The history of band rotundas takes centre stage today as an exhibition telling the story of rotundas in big towns and small opens at the National Library’s Turnbull Gallery. Co-curators Samantha Owens, Victory University Associate Professor of Musicology, and Alexander Turnbull Library Music Curator Dr Michael Brown discuss why the ornamental rotunda is such an important part of our national identity.
"Band rotundas are an attractive feature of cities and towns across New Zealand.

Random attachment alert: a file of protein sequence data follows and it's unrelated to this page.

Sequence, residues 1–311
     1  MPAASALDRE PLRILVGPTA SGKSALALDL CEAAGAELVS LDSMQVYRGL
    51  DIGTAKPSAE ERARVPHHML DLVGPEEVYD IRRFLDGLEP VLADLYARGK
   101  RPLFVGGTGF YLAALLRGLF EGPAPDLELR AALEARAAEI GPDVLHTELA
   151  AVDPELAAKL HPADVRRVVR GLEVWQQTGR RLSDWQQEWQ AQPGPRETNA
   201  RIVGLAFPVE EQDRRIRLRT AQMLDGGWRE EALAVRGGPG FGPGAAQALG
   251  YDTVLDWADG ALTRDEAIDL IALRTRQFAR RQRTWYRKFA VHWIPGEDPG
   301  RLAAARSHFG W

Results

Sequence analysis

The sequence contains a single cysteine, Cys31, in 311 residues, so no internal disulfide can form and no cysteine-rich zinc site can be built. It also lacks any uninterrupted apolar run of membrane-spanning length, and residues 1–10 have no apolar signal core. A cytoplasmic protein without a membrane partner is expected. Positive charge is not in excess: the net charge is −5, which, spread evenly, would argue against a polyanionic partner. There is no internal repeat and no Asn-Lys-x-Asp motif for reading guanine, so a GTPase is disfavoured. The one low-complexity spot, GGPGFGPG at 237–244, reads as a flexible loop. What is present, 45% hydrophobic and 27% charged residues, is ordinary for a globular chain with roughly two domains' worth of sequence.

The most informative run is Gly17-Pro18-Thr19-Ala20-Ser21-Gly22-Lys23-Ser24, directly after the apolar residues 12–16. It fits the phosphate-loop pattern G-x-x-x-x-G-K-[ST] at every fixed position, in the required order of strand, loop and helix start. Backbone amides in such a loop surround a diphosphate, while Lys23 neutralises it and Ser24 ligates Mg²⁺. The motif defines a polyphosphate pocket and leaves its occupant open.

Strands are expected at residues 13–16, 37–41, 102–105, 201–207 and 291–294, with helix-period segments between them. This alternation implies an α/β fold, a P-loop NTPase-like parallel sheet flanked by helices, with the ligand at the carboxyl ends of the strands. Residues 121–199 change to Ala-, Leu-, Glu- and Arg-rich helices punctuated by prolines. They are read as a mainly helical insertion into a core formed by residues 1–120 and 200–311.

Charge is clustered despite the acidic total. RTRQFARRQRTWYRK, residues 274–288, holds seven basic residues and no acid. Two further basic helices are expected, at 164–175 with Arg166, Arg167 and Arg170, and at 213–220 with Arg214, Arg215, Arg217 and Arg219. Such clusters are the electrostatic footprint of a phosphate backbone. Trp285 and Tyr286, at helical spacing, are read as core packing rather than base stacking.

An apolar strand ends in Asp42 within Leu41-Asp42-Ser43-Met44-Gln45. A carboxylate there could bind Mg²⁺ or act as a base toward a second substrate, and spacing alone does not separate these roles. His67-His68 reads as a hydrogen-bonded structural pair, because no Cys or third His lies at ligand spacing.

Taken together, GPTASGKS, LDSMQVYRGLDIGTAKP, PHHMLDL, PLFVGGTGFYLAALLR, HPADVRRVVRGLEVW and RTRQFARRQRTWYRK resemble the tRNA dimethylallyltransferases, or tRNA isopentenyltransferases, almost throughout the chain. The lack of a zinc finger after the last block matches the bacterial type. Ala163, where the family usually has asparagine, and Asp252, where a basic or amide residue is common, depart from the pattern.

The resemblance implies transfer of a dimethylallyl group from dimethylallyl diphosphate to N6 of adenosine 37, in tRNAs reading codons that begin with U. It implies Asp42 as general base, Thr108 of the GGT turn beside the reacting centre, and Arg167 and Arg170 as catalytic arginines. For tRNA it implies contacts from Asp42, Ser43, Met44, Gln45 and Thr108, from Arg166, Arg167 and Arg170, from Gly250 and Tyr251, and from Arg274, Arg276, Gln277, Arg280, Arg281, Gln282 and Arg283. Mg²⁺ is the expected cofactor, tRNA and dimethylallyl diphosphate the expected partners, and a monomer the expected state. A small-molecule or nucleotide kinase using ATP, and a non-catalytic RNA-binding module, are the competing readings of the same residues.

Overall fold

Popular enthusiasm for brass band music led to over 100 rotundas being built from the 1890s to the 1930s – Wellington alone had nine.
Much admired as civic ‘ornaments’, these elegant structures sheltered musicians while they performed for the public, projecting their music out across parks and botanic gardens, beaches and city streets. They’ve often been used for other purposes, too, including municipal receptions, speeches and protest events.
As many rotundas have been have lost over the years, now is a good time to renew our appreciation of these delightful fixtures."